It is widely acknowledged that higher education offers great opportunities for students to develop as learners, as future employees and as citizens. Much of this learning and development takes place outside of the structures of the formal classroom and yet there is little evidence about the ways in which these spaces best create conditions for students to develop their capabilities and interests, and flourish as positive members of a just society. Universities are in a position to ‘provide the enabling spaces and conditions for development and learning in the way that individuals cannot do alone’ (Walker, 2006, p. 37). With this in mind, Derwent College established its first living-learning community (Derwent Global Community, DGC) in September 2014. Living-learning communities are structured with the express purpose of encouraging students to connect ideas from different disciplines and of creating long-term, sustained social interactions (Zhao and Kuh, 2004). DGC is a college-based living learning community led by students around the theme of international development, social justice and human rights (https://www.york.ac.uk/colleges/derwent/derwentglobalcommunity/).
Research conducted in the USA has found that there are positive outcomes for students in relation to retention, engagement with learning and academic performance as a result of involvement in a learning community (Stassen, 2003; Lenning and Ebbers, 1999). However, living-learning communities are less common in the UK, and universities tend to provide opportunities for informal learning through a wide range of student organisations and societies. The DGC differs from these in that the conditions for an informal learning community, led by students, have been created by the college through provision of structured, non-formal (i.e. non-credit bearing and optional) education, such as workshops and networking events with local organisations. The aim is to foster political engagement and a sense of community and commitment from the students, offering opportunities for students to develop and grow in a safe and supported environment. Learning and confidence growth is facilitated through providing a broad range of ways to engage.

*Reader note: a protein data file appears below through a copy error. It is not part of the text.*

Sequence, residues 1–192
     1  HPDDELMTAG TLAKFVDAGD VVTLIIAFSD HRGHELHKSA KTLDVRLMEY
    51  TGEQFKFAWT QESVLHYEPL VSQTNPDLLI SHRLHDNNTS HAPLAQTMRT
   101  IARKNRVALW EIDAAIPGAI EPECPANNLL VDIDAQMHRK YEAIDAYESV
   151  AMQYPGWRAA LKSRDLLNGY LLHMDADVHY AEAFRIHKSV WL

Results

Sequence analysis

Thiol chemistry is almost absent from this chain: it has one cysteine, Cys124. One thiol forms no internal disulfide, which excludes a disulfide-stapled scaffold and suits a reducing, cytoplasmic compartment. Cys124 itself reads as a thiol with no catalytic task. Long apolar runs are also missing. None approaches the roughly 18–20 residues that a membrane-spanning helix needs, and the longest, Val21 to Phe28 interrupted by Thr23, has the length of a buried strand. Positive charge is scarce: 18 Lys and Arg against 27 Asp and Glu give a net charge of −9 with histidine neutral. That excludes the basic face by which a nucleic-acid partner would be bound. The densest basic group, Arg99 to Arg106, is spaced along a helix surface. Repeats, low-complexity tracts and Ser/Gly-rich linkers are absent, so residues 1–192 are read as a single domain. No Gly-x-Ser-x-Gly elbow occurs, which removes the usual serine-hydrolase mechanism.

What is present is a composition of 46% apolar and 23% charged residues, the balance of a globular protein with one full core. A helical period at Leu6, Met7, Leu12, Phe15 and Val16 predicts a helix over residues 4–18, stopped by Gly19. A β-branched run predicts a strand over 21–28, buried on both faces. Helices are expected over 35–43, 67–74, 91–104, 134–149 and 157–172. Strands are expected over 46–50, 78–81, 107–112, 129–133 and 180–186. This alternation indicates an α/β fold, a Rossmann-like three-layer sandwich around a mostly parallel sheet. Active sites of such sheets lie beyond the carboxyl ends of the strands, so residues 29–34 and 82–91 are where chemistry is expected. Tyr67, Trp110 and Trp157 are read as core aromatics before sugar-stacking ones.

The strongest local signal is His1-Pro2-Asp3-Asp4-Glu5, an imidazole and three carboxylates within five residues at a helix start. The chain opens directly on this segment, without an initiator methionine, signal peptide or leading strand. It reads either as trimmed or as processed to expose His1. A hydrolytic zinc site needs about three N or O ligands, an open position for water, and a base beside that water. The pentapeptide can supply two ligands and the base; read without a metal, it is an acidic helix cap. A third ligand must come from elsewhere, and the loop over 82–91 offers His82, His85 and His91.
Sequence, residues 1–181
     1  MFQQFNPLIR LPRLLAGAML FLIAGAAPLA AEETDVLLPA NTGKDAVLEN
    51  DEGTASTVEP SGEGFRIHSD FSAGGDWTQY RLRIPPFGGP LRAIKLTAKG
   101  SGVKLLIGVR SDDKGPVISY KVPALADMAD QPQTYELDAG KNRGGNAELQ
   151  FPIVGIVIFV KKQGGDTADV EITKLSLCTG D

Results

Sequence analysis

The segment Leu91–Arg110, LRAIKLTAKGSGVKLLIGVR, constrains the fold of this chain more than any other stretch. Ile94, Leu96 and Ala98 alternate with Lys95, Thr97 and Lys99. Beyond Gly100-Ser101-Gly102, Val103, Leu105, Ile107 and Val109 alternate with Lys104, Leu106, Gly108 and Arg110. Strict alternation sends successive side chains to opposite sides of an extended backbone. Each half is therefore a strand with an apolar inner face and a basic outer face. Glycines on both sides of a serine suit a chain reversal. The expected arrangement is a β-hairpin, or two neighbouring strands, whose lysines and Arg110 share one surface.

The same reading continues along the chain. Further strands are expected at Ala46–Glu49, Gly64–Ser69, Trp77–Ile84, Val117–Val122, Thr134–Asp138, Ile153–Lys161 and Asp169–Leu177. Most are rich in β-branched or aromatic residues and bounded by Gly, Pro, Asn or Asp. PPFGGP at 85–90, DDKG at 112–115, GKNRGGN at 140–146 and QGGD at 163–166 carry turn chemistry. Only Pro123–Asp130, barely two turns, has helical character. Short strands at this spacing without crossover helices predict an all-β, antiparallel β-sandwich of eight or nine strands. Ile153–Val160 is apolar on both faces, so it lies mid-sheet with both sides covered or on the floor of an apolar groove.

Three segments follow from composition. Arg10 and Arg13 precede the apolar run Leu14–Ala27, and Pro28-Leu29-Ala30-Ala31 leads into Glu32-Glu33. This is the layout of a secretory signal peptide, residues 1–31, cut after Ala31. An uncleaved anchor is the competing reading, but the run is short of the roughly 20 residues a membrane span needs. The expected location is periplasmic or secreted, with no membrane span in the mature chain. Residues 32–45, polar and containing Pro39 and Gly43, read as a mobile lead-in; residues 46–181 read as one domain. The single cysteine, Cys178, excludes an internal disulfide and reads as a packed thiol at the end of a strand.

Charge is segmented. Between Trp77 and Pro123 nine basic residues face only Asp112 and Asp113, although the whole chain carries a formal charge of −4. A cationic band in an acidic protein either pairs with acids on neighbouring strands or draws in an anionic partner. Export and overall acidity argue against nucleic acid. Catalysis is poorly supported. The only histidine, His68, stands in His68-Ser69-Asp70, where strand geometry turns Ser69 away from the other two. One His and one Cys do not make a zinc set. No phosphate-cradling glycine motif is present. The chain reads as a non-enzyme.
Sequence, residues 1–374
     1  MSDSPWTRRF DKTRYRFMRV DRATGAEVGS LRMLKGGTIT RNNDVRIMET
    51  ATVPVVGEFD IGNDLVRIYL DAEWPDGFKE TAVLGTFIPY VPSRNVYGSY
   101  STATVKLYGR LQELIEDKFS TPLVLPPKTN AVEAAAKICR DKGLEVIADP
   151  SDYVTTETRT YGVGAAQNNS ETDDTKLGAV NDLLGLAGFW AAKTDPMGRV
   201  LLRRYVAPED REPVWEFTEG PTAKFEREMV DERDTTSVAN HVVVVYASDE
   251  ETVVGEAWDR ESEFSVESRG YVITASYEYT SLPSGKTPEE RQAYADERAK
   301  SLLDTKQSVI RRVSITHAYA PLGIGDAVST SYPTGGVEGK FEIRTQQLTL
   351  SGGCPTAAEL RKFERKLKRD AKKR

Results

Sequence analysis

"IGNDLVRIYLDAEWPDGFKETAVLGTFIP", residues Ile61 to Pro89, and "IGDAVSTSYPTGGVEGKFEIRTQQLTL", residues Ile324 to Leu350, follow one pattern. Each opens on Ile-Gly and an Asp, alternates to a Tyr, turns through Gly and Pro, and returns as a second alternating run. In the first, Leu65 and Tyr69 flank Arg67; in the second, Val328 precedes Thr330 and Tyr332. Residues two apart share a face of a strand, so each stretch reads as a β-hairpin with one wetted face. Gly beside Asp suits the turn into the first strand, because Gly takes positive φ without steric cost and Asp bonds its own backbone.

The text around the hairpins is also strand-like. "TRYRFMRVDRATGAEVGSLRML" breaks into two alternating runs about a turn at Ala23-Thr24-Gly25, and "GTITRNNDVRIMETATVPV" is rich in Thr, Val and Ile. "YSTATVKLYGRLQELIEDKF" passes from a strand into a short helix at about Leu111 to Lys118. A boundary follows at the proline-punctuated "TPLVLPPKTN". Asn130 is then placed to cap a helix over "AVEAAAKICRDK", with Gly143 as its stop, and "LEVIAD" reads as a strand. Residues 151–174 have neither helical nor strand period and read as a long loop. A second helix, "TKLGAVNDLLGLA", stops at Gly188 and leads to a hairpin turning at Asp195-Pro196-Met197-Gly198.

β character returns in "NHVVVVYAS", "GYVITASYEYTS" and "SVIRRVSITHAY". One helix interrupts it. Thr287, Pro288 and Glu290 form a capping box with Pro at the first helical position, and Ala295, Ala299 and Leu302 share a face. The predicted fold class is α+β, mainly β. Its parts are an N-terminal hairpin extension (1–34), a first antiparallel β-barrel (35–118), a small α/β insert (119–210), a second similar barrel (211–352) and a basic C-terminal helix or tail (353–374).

The theme of the learning community was decided based on the ethos of the college and the partnerships and collaboration that had been developing for several years within it. The theme was described as a focus on ‘International Development and Human Rights’. It was set as broadly as possible, with the idea that the students would be able to narrow this down and focus on aspects that they were most interested in. Students were invited before the start of their first term to sign up to live in one residential block, which was allocated to the Global Community, as it became known. Eleven students signed up to this: three UK students, three international students and two European students on full degree courses and three visiting international students in the UK for one term. In addition, the opportunity was opened to all students in the college to get involved on a non-residential basis. Over 30 students turned up to the information session, from all years, and of these, several second and third years and postgraduate students became fully involved with the group, and a small number of other students engaged sporadically with the activities. This has drawn on support from the Department of Education, the Human Rights Defenders from the Centre for Applied Human Rights, and local non-governmental organisations (NGOs).